a panacea for pain, exhaustion, low spirits and morphine addictions. . . . He recommended it recklessly, even sending moderate quantities to Martha Bernays [his fiancée] when he thought her indispositions warranted it. In June 1885--this was not the only time--he mailed to Wandsbek [Martha's home] a vial of cocaine holding about half a gram and suggested that she "make for yourself 8 small (or 5 large) doses from it." She acknowledged the shipment promptly, thanked him warmly, and told him that, even though she did not need any, she would divide up the shipment and take some of the drug [Gay, 1988, p. 44].

Heroin, as indicated earlier, was widely marketed as a cure for addictions to morphine and codeine, which themselves were recommended originally as cures for opium addiction. And during the mid-1960s, methadone maintenance clinics were established as another "magic bullet" cure for heroin addicts, despite methadone's greater addictability than the substance it replaced. It is worth noting that Bill Wilson (known as Bill W.), one of the cofounders of AA, took LSD during the 1950s and 1960s under medical supervision as a possible cure for his depression and in line with then widely proclaimed benefits of LSD in the treatment of alcoholism (Abramson, 1967). Moreover, Bill W. even persuaded his spiritual mentor Father Dowling and the two important women in his life, his wife, Lois, and his secretary, Nell Wing, to try LSD (White, 1998).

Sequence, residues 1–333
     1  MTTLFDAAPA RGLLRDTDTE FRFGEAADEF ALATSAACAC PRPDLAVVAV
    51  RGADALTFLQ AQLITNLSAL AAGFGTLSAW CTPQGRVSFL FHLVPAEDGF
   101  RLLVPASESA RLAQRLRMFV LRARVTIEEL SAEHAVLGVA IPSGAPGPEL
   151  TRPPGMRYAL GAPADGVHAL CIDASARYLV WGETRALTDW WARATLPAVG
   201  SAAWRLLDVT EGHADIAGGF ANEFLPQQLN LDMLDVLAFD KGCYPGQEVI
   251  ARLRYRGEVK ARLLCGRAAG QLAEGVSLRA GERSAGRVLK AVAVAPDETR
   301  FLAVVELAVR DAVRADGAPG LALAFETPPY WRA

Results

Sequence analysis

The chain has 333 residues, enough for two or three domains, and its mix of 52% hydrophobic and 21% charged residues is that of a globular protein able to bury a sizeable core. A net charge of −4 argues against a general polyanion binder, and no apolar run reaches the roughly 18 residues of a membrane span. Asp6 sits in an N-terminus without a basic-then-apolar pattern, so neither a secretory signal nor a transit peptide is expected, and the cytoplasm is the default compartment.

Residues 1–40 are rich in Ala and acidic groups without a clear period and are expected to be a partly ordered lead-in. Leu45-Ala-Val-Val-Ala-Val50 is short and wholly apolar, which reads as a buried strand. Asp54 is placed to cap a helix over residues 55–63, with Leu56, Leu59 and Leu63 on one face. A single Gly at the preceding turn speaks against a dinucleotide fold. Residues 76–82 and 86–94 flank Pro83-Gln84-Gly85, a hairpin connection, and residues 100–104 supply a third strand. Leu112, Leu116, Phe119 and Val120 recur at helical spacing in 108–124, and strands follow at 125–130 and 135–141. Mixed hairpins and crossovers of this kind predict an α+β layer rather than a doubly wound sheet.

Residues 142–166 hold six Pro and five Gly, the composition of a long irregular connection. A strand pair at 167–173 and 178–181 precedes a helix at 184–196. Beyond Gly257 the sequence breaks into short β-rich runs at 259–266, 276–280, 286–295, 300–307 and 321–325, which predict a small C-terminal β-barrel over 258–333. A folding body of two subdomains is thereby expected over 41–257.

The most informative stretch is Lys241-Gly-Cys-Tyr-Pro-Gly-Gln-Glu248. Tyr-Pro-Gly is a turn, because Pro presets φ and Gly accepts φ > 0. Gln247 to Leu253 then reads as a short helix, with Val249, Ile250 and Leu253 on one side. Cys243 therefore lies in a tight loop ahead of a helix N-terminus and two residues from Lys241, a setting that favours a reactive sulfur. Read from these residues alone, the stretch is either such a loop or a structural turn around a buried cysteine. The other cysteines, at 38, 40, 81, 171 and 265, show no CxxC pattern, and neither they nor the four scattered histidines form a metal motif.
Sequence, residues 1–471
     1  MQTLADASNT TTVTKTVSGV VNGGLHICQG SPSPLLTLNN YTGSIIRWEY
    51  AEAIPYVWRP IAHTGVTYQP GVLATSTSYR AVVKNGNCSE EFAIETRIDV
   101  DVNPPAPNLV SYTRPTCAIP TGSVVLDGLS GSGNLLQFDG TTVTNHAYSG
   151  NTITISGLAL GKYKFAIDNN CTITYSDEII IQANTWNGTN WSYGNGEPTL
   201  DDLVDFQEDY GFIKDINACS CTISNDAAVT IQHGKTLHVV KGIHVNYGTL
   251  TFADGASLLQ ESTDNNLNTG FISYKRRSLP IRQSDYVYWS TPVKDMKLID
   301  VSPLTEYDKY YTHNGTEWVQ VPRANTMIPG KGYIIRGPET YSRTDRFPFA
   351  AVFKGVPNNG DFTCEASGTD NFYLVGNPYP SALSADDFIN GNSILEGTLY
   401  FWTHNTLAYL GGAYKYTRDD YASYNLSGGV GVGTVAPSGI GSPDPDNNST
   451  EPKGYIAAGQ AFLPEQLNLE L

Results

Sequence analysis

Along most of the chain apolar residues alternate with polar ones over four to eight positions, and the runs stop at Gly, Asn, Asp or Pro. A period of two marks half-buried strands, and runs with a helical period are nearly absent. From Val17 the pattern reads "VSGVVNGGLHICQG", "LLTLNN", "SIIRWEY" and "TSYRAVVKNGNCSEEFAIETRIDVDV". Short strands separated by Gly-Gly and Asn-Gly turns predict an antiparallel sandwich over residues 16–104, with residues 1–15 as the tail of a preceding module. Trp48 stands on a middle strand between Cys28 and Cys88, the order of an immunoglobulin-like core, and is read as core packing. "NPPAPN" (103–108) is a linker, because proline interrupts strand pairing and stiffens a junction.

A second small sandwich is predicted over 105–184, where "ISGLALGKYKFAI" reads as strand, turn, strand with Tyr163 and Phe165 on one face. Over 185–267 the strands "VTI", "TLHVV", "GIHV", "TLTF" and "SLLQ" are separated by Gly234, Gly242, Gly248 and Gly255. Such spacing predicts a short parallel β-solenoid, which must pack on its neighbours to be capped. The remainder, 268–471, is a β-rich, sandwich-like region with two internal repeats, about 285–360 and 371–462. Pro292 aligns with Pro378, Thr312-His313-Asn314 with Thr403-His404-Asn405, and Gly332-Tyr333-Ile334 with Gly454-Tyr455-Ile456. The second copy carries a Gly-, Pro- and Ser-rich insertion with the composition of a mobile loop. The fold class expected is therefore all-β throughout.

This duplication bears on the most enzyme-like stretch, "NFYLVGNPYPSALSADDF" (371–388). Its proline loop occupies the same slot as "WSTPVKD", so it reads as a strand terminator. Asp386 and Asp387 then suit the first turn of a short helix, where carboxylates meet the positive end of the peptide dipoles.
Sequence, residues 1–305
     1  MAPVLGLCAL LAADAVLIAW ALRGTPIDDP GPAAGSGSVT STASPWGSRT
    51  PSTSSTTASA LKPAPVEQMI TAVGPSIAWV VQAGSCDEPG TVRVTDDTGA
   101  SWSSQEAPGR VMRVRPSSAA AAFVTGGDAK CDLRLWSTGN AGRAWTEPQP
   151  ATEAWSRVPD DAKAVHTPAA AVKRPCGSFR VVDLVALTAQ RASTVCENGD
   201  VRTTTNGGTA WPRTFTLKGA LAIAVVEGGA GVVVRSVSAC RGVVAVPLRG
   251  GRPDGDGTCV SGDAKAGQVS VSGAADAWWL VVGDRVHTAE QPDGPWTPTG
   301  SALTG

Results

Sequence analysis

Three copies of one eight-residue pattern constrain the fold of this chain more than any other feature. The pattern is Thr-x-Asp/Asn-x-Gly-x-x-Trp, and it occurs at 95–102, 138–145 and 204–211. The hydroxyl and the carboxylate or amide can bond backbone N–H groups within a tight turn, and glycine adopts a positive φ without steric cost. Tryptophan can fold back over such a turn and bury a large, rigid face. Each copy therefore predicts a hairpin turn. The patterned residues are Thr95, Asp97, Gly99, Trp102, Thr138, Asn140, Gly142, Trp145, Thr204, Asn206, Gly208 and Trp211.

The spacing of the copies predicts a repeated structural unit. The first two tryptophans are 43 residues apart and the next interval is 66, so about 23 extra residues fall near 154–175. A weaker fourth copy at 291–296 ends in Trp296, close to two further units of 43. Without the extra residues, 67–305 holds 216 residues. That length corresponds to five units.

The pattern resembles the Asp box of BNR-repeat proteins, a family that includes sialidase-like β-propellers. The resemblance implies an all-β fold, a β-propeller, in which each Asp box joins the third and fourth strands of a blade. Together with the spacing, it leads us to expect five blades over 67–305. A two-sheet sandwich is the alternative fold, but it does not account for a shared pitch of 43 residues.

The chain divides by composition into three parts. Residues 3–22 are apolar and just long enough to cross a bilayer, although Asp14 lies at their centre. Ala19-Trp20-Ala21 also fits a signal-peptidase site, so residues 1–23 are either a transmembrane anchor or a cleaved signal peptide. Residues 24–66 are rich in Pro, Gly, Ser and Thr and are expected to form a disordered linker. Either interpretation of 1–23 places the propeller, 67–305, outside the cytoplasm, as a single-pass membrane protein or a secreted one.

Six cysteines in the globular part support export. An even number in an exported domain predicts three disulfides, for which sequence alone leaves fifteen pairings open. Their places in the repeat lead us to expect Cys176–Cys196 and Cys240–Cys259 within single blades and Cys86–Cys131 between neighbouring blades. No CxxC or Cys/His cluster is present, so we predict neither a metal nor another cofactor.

Growth of Asylums

In Slaying the Dragon, his fascinating history of addictions treatment in the United States, William White (1998) notes that although the idea of provision of care for people who were "mad from wine or beer" has been identified in Egyptian records dating back approximately five thousand years ago, "in America, the idea of creating special institutions and special professional roles for the care of inebriates began in the late eighteenth century and blossomed in the mid-nineteenth century" (p. 22). According to Murdock (1998), "institutions to cure, or at least dry out, problem drinkers were a common feature of the late Victorian landscape. Between the Civil War and the turn of the century, more than a hundred inebriates' hospitals opened in the United States" (p. 46). Awareness of the special needs of women was evident.